The S’ family has also suffered from Property Tax issues, after a Qassam hit their home. The missile’s blast destroyed the entire front of their house. The windows were shattered. Mrs. S’ says that she had to wait 9 full days before receiving money compensation from Property Tax in order to fix her windows, with the front of her house being exposed to the strong winter all that time. Property Tax did pay for the window damage, but the rest of the damage was a different story. The air conditioner was totally destroyed. According to the receipts, the new air conditioner was worth 3,600 Shekels. According to the reports, Property Tax paid the S’ family only 250 Shekels for the air conditioner’s check up. They will never receive compensation for the purchasing of the air conditioner. Their kitchen window was shattered as well, and the china and marble were damaged. Property Tax did approve the damage which was caused to the kitchen window and china, but did not approve the marble damage. Apparently, the expert’s price quote was too high for them – 7000 Shekels.
The S’ family is gathering much strength in order to appeal the Compensation Fund’s decision, in front of Mr. Benny Derai, director of the Compensation Fund in the South.
Another sad story is Mrs. Y’s. Mrs. Y’ is an elderly lady, and is one of Sderot’s pioneer settlers. “When I got here the situation was good. Nothing was happening, and now? The Qassams have been hitting my house for the past three years. The Tax Property? Nothing! They won’t even approve the damages.” At the past three years, three different Qassams had hit Mrs. Y’s house. Her house is completely shattered, and the windows are damaged. The blasts disconnected the drainpipe, destroyed the ceiling’s construction, and pulled out the roof tiles. As a result – her house is always flooded in the rainy winter days. “I kept everything broken so that Property Tax could see what happened to my house. Even my beloved antique clock broke down. I have no windows, the mice and cats go in the house. Is this a way to live? They don’t care. They don’t even approve the damages. They sent a letter saying that the damage wasn’t caused by the Qassam.” Mrs. Y’ shows me the Property Tax reports from the past three years, and weeps. “This is how they let us live, like in Gaza. Is this a way to live?”
V’, Mrs. Y’s daughter, who is an ex-Sderot resident, also tells us about the terrible distress which Property Tax caused her. V’ shows me the statement of claim which was sent by her to the Small Claims Court in Ashkelon.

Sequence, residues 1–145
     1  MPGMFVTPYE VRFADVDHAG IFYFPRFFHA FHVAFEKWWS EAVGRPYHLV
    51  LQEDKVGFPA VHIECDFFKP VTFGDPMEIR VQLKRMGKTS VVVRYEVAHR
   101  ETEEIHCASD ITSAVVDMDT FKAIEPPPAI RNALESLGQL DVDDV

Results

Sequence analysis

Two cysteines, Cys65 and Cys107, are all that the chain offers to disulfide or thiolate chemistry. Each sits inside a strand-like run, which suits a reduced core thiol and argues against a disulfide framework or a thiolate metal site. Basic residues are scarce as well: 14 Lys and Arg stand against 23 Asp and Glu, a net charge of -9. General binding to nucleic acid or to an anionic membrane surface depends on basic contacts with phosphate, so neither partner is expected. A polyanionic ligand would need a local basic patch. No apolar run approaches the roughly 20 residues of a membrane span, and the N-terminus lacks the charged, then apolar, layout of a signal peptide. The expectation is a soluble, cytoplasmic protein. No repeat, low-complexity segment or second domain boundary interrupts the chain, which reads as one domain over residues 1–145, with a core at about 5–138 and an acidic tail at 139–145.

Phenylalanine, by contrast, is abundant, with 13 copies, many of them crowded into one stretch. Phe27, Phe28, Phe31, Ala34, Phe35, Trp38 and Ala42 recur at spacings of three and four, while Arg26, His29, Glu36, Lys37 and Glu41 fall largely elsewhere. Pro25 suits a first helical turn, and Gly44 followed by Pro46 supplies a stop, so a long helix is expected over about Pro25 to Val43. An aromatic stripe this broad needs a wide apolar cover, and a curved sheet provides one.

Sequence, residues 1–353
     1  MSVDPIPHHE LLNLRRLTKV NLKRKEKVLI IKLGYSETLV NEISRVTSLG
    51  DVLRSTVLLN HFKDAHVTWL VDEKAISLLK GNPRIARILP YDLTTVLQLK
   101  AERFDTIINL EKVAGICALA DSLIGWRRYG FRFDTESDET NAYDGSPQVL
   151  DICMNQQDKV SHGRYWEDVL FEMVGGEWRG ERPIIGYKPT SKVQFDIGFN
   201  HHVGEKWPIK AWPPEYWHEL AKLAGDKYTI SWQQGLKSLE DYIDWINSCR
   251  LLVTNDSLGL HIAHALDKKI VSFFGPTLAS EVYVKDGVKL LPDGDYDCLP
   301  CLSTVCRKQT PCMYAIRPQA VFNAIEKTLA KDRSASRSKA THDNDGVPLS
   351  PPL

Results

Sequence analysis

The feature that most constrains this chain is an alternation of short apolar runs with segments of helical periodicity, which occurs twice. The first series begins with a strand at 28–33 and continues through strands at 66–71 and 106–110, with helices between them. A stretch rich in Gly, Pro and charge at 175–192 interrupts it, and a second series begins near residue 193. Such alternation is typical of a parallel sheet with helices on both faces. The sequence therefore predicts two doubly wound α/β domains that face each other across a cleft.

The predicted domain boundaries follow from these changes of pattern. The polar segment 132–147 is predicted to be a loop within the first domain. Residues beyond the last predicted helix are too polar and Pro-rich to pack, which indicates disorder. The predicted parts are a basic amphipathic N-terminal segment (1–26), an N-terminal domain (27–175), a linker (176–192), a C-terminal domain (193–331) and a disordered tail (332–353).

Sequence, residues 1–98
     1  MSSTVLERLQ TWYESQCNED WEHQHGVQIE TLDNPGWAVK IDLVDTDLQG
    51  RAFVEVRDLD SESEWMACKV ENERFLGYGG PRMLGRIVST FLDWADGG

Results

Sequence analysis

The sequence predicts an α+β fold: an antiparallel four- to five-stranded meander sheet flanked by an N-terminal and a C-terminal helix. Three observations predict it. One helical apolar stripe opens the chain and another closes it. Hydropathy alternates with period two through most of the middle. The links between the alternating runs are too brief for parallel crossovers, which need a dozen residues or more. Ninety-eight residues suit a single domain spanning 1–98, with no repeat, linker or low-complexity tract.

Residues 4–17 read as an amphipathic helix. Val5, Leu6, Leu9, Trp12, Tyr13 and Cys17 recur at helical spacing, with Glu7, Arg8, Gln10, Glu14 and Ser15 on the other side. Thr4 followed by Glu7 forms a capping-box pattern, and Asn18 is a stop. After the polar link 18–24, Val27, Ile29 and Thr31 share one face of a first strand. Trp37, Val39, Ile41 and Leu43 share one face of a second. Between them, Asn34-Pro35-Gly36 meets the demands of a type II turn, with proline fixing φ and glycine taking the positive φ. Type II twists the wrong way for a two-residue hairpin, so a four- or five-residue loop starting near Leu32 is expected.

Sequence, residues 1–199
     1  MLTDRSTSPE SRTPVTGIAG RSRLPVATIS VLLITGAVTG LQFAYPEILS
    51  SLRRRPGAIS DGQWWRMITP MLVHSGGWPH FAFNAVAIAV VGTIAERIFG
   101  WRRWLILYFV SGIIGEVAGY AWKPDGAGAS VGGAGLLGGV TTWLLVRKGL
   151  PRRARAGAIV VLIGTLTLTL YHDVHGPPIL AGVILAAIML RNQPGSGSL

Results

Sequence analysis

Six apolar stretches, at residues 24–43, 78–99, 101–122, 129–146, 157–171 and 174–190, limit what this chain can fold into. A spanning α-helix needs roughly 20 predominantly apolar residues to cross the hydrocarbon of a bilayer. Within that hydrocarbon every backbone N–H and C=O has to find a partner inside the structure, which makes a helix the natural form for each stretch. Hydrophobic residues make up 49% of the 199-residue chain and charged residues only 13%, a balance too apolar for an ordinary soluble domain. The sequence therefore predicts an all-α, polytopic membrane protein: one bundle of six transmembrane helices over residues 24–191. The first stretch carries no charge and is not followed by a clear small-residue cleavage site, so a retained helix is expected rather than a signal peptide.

“The claimed amount of money: 1,349 Shekels + 500 Shekels for the distress. “
“Claim’s reasons (summarized): In 17.1.08 the ‘Red Color’ alarm went off and I ran for cover. At that time, a Qassam missile passed right above me, and its blast threw me in the air. I lost my consciousness, and was evacuated in an ambulance to the Brazilay Hospital’s E.R. When I was hit, I was carrying both regular and sun glasses, and they were lost in the process. I asked Property Tax for compensation, but they said that I don’t deserve any. Ever since, I don’t have glasses, and I can’t afford them either. I live on a Social Security allowance.”
The claim reasons of Mrs. V’ are very clear. She has presented all the documents which confirm her presence at the place and time, and yet – Property Tax refuses to approve the damages. “I don’t need anything from them,” says Mrs. V’, “Only my glasses. It’s a basic need. I can’t drive without them. What’s funny is that they sent me the same format of letter that they sent to my mother, saying that Property Tax doesn’t approve the damages. They just changed the address in handwriting. They write: “I wasn’t convinced that the claimed damage is a ‘war damage’, according to section 35 of Property Tax Law,” and that’s it. They sign it, and consider it done.”
The compensations are given to the hurt people basing on the arbitrariness of the Property Tax appraiser. Turns out that there is no actual enforcement of the Property Tax and Compensation Fund Law. Is it possible that the core of direct and indirect war damage compensation legislation isn’t carried out, specifically in Sderot?
I have yet to receive the response of Mr. Benny Derai, director of the Compensation Fund in the South.